Whenever Chris Sale takes the mound, White Sox manager Robin Ventura feels as if he’s handing the keys to a flashy sports car over to his catcher.
Given it was the Ferrari’s first time out of the garage in five weeks Tyler Flowers knew it was upon him on Thursday night to keep Sale from redlining.
Though the White Sox ace sputtered ever so briefly, Sale reigned in a more than a month’s worth of emotions in a triumphant return to the track. Sale blew the New York Yankees’ doors off for six innings and the White Sox held on for a 3-2 victory in front of 21,677 at U.S. Cellular Field.
Though he made it look easy, Sale, who struck out 10 and faced only one batter over the minimum after he set down the first 17 he faced, said his biggest obstacle was himself.
“A lot of it was trying not to get overhyped, especially with being the first one back and the team we were facing and all the other things involved,” Sale said. “Just trying to really focus on the task at hand and not get too overwhelmed or too overhyped.”
Sale has always been an emotional figure on the mound.
As he neared his first start since April 17, Sale skipped off the field Tuesday in Kansas City after a light bullpen session, the final step in a five-week recovery.
Flowers had an idea the two-time All-Star might be wound up when he took the mound in the first inning.
Sale confirmed those suspicions when he yanked his first pitch, a 94-mph fastball, to Jacoby Ellsbury out of the zone for a ball.
The lack of pinpoint control continued throughout the five-pitch at-bat, but it didn’t stop Sale from striking out Ellsbury.
“Usually he has the mannerisms where I have to calm him down,” Flowers said. “Those seem to be his better outings and they come with some of the non-competitive pitches and that’s when he gets too jacked up and he gets too competitive. You have to back him off a little bit to let his mechanics and everything sink up.
“First hitter of the game I had to do. He yanked a couple of heaters right out of the gate. I was telling him the second pitch to the fifth pitch, ‘Calm down. Calm down.’ ”
Sale managed his emotions pretty well from there.
He struck out the side in the first inning on 18 pitches - including future Hall of Famer Derek Jeter with a called third strike - and didn’t look back.
Rarely did the Yankees make even decent contact against Sale, who featured a three-pitch mix and threw strikes on 54 of 86 pitches. Sale struck out the side in the third inning and followed by striking out Ellsbury and Jeter to start the fourth.
As Sale’s perfect run continued into the sixth, you could almost sense the entire organization tensing up given Sale was making his first start in the majors since he threw a career-high 127 pitches.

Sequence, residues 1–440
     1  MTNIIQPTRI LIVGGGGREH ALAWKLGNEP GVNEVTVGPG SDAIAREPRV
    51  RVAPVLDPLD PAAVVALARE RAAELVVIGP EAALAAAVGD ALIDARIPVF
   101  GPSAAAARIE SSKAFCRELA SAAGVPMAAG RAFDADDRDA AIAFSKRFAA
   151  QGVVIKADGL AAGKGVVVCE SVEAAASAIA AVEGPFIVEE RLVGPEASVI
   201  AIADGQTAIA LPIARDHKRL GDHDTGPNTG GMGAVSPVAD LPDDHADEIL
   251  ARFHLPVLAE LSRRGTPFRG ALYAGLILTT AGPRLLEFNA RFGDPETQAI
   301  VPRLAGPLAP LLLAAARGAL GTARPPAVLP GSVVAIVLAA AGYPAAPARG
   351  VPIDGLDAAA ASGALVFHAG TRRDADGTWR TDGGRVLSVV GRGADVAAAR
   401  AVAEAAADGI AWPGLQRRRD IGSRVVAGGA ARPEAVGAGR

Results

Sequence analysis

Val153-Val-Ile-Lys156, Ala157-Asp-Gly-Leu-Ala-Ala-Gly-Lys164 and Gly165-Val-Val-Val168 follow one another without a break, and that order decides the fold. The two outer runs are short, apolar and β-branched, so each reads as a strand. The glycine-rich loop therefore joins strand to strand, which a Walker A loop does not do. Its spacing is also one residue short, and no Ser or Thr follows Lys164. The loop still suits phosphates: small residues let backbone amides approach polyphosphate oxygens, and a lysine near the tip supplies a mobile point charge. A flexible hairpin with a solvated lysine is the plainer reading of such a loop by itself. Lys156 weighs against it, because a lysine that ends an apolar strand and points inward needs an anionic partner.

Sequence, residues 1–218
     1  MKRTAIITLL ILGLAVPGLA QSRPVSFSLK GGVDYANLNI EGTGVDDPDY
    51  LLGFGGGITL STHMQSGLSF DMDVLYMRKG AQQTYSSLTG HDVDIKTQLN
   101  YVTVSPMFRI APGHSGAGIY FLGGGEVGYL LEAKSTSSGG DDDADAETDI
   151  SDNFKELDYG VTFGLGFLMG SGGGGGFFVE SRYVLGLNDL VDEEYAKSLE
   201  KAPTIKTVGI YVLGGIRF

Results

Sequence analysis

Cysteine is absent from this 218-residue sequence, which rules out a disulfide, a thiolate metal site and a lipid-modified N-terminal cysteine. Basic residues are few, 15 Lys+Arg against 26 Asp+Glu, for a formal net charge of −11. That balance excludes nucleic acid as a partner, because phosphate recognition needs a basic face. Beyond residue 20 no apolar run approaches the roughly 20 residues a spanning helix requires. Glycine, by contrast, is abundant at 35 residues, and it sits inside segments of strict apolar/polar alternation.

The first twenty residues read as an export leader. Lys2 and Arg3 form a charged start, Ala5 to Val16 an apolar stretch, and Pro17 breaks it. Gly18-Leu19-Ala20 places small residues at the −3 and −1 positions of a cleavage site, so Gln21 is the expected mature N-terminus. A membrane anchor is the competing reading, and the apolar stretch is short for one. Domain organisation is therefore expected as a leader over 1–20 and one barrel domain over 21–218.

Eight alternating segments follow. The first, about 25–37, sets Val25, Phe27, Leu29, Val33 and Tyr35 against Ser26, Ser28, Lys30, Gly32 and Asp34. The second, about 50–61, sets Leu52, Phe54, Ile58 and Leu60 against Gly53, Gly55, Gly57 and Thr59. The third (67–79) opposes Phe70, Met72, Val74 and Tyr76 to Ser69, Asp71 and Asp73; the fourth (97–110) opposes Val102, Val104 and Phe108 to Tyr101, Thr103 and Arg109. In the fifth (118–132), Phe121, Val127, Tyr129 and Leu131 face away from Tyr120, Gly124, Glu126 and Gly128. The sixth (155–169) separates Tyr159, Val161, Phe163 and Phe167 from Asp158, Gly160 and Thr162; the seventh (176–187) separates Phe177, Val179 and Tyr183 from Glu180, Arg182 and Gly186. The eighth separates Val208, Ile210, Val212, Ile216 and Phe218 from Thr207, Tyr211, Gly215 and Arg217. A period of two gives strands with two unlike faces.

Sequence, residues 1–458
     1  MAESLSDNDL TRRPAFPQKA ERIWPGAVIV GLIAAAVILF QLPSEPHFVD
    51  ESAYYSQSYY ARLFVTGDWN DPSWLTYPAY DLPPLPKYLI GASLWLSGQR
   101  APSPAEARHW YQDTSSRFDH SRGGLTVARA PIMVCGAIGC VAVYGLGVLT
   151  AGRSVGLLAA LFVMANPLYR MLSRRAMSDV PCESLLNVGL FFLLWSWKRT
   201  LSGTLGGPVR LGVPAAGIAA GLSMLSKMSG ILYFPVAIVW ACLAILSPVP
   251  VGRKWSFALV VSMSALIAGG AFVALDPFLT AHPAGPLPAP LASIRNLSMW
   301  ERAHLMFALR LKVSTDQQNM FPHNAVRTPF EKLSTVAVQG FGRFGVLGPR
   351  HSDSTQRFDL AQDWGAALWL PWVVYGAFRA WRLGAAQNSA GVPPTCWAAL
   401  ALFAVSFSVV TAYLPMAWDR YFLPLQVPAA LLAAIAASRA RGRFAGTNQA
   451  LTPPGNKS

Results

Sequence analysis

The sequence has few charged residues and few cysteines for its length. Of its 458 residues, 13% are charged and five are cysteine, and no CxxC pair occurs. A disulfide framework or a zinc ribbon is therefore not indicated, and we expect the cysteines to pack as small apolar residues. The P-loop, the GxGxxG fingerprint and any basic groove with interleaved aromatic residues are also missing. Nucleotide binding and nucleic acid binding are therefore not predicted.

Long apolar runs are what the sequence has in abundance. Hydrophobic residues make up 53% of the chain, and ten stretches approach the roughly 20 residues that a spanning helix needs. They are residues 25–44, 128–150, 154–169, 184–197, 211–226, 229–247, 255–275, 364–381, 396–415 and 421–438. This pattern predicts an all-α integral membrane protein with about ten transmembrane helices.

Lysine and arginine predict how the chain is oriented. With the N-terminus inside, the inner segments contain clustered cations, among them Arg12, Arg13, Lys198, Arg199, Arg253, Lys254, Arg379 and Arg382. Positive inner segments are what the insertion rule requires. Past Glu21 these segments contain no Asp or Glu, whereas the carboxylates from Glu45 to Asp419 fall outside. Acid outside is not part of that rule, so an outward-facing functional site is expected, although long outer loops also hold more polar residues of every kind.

Ventura said Wednesday that Sale likely wouldn’t reach the 100-pitch mark. Nobody clarified the exact figure but Sale suspected he had only 90 pitches to work. But all that became a moot point when Zoilo Almonte singled with two outs in the sixth inning.
“I don’t think I’ve ever been more excited to give up a hit in my life,” Sale joked. “I knew I was done after that sixth. (Robin said) ‘You picked a bad night to do something like that.’ It was all in fun.”
With New York trailing 2-0, Almonte stole second base but was stranded when Sale struck out Ellsbury for the third time.
Combined with his rehab start at Triple-A Charlotte last Friday, Sale (4-0) has retired 30 of 34 batters, including 21 on strikeouts, over 10 scoreless innings.
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Ventura wasn’t surprised by the performance, nor by Sale’s zest for his craft.
“When you're sitting on the DL and you’re watching guys play, you miss it,” Ventura said. “I think for somebody like him that's a competitor, that's part of it for him. He enjoys pitching and he was excited.”
The White Sox offense made Sale’s return victorious even though his counterpart David Phelps was sharp.
Alejandro De Aza doubled in a run with two outs in the second inning and Adam Eaton, who had two hits, singled in another.
The White Sox added a run in the eighth inning on Adam Dunn’s two-out, RBI single.
White Sox reliever Ronald Belisario surrendered a pair of runs but struck out Alfonso Soriano with the tying run aboard.
Asked how Sale handled, Flowers was mostly impressed. He liked how Sale executed late in the count but said he could have conserved more pitches.
Still, Flowers thought Sale showed little rust — hardly anything that would require a tune-up.
“Not bad,” Flowers said.